Response variable: Counts of dolphin clicks/hour
|Site × Day-night + Tide *||73889|
|Site × Day-night + Tide × Depth||73891|
|Site + Time of day + Tide||73952|
|Site + Time of day + Depth||73694|
|Site + Time of day + Depth + Day-night||73694|
|Day-night + Vaquita + Tide + Site||73966|
|Site + Day-night||73982|
|Site + Day-night + Tide||74210|
|Only temporal variables||74381|
|All biological and oceanographic variables||74486|
|Day-night × Tide||74531|
|Anthropogenic variable (sonar clicks)||74677|
Passive acoustic monitoring is a method of increasing importance for the study of the distribution and occurrence of cetaceans. In the Upper Gulf of California, Mexico, dolphin acoustic activity varied among sites, with higher activity in the eastern part of the Vaquita Refuge. Acoustic activity was higher at night than during the day. The best GLM model to predict dolphin acoustic activity included sampling site, day-night condition, and vertical component of tide speed variables. The spatial distribution of predicted acoustic activity showed a pattern similar to the distribution of acoustic activity per sampling season. The higher values predicted occurred during the night condition, and the tide speed variable was not relevant for the acoustic activity of the dolphins during the night. The acoustic activity patterns obtained could be related to the availability of prey resources, since echolocation click trains are associated with foraging activities by dolphins. This is the first study of the distribution of dolphins in Mexico using medium-term systematic passive acoustic monitoring, and the results can contribute to better management of the natural protected area located in the Upper Gulf of California.
Limitations in detection of echolocation click trains of dolphins
Our results based on the echolocation click trains of dolphins have some limitations. For example, according to Au (1993), bottlenose dolphins use echolocation mainly when feeding or travelling but less when socializing and resting. Furthermore, since the echolocation signals of dolphins are highly directional, only those vocalizations directed towards a logger will have a chance of being detected (Nuuttila et al., 2017). During our field surveys, we probably witnessed these limitations. Several times, when we deployed C-POD arrays in front of traveling groups of dolphins, we did not record a single click train, even though the animals swam directly past the array. In contrast, when we deployed C-POD array near groups of dolphins (bottlenose and common dolphins) feeding at the surface, we were able to record echolocation click trains.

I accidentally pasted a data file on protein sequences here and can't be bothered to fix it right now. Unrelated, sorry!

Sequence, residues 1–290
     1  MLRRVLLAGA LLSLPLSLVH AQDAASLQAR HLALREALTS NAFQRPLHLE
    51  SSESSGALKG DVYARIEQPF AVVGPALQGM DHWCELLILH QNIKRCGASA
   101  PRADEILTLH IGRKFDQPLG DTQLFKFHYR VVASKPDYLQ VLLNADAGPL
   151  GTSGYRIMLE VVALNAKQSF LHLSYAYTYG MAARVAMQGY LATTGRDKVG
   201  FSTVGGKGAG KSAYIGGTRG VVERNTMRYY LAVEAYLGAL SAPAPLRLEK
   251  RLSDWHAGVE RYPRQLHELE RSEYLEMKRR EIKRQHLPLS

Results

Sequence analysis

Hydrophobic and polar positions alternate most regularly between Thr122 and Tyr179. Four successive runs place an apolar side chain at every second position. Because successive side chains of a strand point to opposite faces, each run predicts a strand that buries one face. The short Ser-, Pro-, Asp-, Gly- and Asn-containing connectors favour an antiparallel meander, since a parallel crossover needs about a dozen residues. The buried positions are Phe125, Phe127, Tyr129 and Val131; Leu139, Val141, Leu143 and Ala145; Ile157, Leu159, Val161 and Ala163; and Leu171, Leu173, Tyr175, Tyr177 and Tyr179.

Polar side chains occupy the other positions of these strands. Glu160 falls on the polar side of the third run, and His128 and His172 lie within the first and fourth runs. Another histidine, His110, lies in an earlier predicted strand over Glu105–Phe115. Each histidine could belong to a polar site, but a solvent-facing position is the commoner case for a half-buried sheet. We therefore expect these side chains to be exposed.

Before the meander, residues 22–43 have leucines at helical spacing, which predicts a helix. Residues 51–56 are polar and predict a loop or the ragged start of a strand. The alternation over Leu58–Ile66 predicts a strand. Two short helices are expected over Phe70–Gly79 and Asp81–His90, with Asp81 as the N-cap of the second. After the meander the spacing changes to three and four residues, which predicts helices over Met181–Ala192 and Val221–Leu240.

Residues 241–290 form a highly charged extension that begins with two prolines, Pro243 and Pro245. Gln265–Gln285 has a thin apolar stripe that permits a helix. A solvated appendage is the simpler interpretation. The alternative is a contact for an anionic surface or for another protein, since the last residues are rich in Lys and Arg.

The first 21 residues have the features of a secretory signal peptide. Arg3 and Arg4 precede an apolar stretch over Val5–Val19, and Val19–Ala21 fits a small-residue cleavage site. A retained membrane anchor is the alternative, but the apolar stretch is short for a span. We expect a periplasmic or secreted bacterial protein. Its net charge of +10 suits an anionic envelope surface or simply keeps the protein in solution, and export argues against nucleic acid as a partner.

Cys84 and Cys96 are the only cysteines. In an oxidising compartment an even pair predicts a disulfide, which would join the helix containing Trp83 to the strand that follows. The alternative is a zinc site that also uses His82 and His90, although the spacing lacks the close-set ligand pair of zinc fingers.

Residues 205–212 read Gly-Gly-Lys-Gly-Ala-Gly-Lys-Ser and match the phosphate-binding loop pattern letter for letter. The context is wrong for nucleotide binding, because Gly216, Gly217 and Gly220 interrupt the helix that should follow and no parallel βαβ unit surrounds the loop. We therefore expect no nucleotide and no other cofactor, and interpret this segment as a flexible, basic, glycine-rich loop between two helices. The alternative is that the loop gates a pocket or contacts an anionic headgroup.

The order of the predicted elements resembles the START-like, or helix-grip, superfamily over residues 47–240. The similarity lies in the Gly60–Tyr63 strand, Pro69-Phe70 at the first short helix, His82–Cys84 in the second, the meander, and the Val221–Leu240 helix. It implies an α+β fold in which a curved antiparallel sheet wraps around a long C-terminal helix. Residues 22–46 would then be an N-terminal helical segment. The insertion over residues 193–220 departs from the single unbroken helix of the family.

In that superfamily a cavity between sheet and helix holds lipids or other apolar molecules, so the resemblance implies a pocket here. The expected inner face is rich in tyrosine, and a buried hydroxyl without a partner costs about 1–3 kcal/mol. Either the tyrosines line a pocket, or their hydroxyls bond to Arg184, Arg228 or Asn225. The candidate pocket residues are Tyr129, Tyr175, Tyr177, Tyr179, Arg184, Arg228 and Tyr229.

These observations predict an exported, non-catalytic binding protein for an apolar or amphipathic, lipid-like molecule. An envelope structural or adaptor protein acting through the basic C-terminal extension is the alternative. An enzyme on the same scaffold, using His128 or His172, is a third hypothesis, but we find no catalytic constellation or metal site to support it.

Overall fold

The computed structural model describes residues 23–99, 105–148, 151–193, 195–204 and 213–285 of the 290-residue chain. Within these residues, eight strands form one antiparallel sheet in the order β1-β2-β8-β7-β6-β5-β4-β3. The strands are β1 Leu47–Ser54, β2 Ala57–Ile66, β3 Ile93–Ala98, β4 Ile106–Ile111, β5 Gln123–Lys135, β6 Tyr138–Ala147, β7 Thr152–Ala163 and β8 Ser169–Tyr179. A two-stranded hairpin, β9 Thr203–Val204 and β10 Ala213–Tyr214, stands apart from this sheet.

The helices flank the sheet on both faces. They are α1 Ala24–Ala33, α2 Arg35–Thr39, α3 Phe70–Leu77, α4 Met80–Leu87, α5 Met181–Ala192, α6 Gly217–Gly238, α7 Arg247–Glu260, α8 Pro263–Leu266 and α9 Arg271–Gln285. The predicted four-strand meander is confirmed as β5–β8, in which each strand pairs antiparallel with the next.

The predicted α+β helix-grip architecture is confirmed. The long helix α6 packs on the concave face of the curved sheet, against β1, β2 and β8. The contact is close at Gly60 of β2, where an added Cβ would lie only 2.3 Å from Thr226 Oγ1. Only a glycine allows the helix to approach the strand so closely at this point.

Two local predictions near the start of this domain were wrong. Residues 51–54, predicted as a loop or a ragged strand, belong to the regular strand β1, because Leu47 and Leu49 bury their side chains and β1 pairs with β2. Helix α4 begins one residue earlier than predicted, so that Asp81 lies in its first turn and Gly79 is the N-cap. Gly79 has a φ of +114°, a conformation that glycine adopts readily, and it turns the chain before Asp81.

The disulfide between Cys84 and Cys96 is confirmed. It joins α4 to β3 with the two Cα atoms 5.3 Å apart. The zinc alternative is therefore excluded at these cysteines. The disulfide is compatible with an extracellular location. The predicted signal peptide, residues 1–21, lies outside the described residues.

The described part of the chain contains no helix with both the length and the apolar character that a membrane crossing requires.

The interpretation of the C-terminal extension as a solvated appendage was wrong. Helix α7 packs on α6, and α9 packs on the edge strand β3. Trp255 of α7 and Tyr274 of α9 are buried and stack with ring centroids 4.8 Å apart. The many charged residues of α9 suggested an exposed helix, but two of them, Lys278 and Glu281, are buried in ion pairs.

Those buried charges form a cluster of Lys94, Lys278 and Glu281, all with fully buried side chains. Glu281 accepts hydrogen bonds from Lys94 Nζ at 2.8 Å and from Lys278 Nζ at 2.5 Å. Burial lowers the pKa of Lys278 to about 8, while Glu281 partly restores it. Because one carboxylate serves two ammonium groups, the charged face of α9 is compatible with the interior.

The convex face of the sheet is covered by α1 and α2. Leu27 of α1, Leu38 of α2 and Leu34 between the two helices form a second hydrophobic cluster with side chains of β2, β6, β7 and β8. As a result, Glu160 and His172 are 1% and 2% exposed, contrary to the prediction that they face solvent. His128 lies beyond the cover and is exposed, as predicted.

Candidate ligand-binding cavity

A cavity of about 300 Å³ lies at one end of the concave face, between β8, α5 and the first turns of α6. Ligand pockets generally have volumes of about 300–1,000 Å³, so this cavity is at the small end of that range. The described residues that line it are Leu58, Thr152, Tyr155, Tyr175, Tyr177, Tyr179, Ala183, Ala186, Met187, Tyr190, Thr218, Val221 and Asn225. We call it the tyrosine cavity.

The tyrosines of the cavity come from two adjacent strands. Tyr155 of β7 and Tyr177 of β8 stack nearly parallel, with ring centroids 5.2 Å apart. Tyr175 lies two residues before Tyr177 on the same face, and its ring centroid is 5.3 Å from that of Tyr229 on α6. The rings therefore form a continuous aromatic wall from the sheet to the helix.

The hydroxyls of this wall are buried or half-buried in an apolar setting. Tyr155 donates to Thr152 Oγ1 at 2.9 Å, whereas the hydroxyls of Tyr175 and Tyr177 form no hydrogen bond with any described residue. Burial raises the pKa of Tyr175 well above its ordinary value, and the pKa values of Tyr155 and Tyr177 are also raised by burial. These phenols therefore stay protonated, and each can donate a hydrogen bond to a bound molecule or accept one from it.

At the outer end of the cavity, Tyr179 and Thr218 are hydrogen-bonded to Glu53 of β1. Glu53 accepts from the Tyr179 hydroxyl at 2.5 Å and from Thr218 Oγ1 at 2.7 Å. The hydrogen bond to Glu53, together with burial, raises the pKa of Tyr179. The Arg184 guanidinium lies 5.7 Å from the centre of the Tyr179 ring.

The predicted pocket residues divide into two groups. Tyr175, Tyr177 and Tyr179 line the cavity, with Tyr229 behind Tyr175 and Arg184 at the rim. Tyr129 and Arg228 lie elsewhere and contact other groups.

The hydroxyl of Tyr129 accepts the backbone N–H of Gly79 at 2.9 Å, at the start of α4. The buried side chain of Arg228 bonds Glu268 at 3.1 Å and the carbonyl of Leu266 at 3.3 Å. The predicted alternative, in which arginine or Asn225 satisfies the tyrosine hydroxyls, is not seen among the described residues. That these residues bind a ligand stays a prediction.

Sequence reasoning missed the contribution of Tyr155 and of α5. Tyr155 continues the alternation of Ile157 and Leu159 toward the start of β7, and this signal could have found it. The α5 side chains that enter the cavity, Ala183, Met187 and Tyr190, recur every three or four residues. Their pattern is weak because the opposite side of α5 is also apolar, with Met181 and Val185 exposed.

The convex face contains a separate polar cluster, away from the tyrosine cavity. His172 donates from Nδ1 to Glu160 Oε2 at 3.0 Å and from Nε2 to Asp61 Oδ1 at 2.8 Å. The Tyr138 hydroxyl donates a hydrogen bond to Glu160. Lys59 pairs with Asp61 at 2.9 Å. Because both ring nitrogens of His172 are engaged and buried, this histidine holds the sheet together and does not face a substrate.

Another limitation is that the high frequency signals of toothed whales attenuate quickly, and, therefore, they are detectable at most a few hundred meters away from the device (Philpott et al., 2007; Rayment, Dawson & Slooten, 2009). A study in Cardigan Bay using C-PODs reported a maximum detection distance ranging from 1,343 to 1,749 m for bottlenose dolphins (Nuuttila et al., 2013). In an assessment of C-POD performance in New River, North Carolina, the echolocation click trains of bottlenose dolphins were detected at a maximum distance of 933 m (Roberts & Read, 2015). We did not find records in the literature of C-POD distance detection ranges for common dolphins, but it is likely to be less than the 4,500 m between our sampling sites. For both dolphin species, therefore, there were large spaces between the C-PODs where acoustic activity could not be detected.